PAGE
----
Topics and References
The General Surgery Continuous Certification Assessment focuses on the latest and most important developments in practice to assist diplomates in staying up to date. In addition to the Core module that all diplomates must complete, general surgery diplomates are able to select their second module from four practice-related areas. These four areas were determined based on review of diplomates' operative logs submitted over the past few years. More areas will be added in the future based on feedback from diplomates and surgical societies.
Practice characteristics, patient population, and educational interests may make some modules more relevant to certain diplomates than others. Please click on the module names below to see the topic areas that will be addressed in the assessment.
Selecting a module does not lock you into a track. Diplomates are free to select a different practice area for the next assessment they take.
Aug. 1, 2019
Assessment Window: Sept. 6-Nov. 4, 2019
Please click on the module titles below to expand the topic lists and access the reference PDF files for the 2018 General Surgery Continuous Certification Assessment.
- Perioperative Management of the Patient on Corticosteroids
- Perioperative Management of the Therapeutically Anticoagulated Patient
- Preoperative Assessment and Management of Cardiac Risk
- Preoperative Assessment and Management of Pulmonary Risk
- Postoperative Delirium
- Opioid Prescribing
- Septic Shock
- Effect of Surgery, Illness, and Injury on Nutritional Requirements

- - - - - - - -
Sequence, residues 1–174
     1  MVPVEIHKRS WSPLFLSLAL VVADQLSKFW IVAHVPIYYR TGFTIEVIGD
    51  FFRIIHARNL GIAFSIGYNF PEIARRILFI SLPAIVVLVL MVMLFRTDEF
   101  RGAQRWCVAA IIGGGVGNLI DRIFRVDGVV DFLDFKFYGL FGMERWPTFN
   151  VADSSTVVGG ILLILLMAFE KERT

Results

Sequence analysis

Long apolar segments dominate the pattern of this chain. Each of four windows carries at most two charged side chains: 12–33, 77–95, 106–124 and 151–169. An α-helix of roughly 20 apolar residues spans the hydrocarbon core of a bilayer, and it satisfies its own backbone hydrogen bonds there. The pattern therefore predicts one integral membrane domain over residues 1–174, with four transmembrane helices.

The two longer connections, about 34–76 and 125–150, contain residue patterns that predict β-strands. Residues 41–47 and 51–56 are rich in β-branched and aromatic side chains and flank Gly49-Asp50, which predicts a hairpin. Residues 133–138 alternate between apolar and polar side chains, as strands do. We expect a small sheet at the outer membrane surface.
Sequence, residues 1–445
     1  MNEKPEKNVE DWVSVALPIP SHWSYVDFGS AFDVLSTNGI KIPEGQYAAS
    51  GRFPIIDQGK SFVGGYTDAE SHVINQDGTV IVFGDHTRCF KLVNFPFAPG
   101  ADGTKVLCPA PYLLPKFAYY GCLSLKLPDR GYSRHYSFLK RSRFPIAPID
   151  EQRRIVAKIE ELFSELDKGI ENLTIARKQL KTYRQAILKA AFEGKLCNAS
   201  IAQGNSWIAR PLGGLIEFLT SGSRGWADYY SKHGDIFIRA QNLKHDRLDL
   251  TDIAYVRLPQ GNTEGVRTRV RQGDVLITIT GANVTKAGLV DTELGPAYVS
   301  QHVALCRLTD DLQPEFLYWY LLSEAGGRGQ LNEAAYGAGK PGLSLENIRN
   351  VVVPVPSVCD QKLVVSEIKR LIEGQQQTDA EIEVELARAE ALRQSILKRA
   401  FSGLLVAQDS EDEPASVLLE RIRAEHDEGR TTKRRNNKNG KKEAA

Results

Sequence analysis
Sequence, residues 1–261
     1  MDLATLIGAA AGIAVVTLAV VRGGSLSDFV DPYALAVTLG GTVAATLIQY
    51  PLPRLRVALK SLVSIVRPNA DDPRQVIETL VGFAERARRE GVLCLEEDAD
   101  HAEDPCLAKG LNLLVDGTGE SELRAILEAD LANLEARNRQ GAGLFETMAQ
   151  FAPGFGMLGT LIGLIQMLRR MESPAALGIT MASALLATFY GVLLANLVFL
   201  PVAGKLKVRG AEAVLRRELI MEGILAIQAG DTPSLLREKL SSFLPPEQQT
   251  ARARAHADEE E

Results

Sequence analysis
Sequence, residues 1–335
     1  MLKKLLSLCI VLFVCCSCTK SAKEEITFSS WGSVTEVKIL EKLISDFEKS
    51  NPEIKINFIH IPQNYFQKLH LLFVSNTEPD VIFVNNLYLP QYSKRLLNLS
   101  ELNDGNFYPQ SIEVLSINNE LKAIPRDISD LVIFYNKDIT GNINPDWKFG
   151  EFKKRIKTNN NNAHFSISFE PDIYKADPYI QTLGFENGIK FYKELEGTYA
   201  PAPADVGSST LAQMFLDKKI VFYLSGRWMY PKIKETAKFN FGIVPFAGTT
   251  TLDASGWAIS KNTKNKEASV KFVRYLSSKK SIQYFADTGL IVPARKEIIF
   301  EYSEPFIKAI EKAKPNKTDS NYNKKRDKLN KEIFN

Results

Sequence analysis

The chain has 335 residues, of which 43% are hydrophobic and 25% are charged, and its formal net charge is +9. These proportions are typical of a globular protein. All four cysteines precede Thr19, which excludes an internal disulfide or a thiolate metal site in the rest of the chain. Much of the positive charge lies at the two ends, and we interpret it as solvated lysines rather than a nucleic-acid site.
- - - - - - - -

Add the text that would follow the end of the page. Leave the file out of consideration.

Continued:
- Ethical Issues in Clinical Surgery: End-of-Life Issues
- Hypocalcemia and Hypercalcemia
- Necrotizing Soft Tissue Infections
- Prevention of Surgical Site Infection
- Prophylaxis for Venous Thromboembolism
- Palliative and Hospice Care
- Wound Closure
- Mass Casualty Incident
- Care of the Pregnant Patient
- Central Venous Catheter Placement
Key Core Surgery Module References (pdf)
All Core Surgery Module References (pdf)
- Access for Dialysis
- Common Bile Duct Obstruction
- Gallbladder Cancer
- Hepatic Abscess
- Hepatic Neoplasms
- Hernias, including Inguinal and Femoral
- Pancreatic Cysts and Pseudocysts
- Pancreatitis - Acute, Chronic, and Necrotizing
- Peritoneal Neoplasms
- Small Intestinal Obstruction
- Spleen, Hemolytic Anemias
- Surgical Implications of Ascites
Key Abdomen Module References (pdf)
All Abdomen Module References (pdf)
- Anal Fissure
- Anorectal Abscess and Fistulae
- Bariatric Surgery
- Clostridium Difficile Colitis
- Enterocutaneous Fistula
- Esophageal Neoplasms
- Gastroesophageal Reflux; Barrett's Esophagus
- Gastrointestinal Stromal Tumors (GIST)
- Paraesophageal Hernia
- Short Bowel Syndrome
- Surgical Site Infection
Key Alimentary Tract Module References (pdf)
All Alimentary Tract Module References (pdf)
- Atypical Ductal Hyperplasia
- Axillary Sentinel Lymph Node Biopsy and Lymphadenectomy
- Benign Breast Disease, including Fibroadenoma and Intraductal Papilloma
- Breast Biopsy
- Breast Cancer, Hereditary
- Breast Cancer, Inflammatory
- Breast Cancer, Invasive Carcinoma (Ductal, Lobular, All Variants)
- Breast Cancer, Non-invasive Carcinoma
- Breast Cancer Surveillance
- Breast Mass Evaluation
- Genetic/Genomic Testing
- Mammographic Abnormalities
- Pleural Effusion/Empyema
Key Breast Surgery Module References (pdf)
All Breast Surgery Module References (pdf)
- Adrenal Mass
- Atypical Ductal Hyperplasia of the Breast
- Bile Duct Injury
- Breast Cancer, Ductal Carcinoma In Situ
- Breast Cancer, Hereditary
- Colon and Rectal Injury
- Duodenal Trauma
- Electrical Burns
- Enteral Feeding Tube Placement
- Hemothorax and Pneumothorax
- Hepatic Abscess
- Melanoma and Nevi
- Multi-Trauma Priorities
- Pancreatic Cyst
- Rib and Sternal Fractures
- Thyroid Cancer
Key Comprehensive General Surgery Module References (pdf)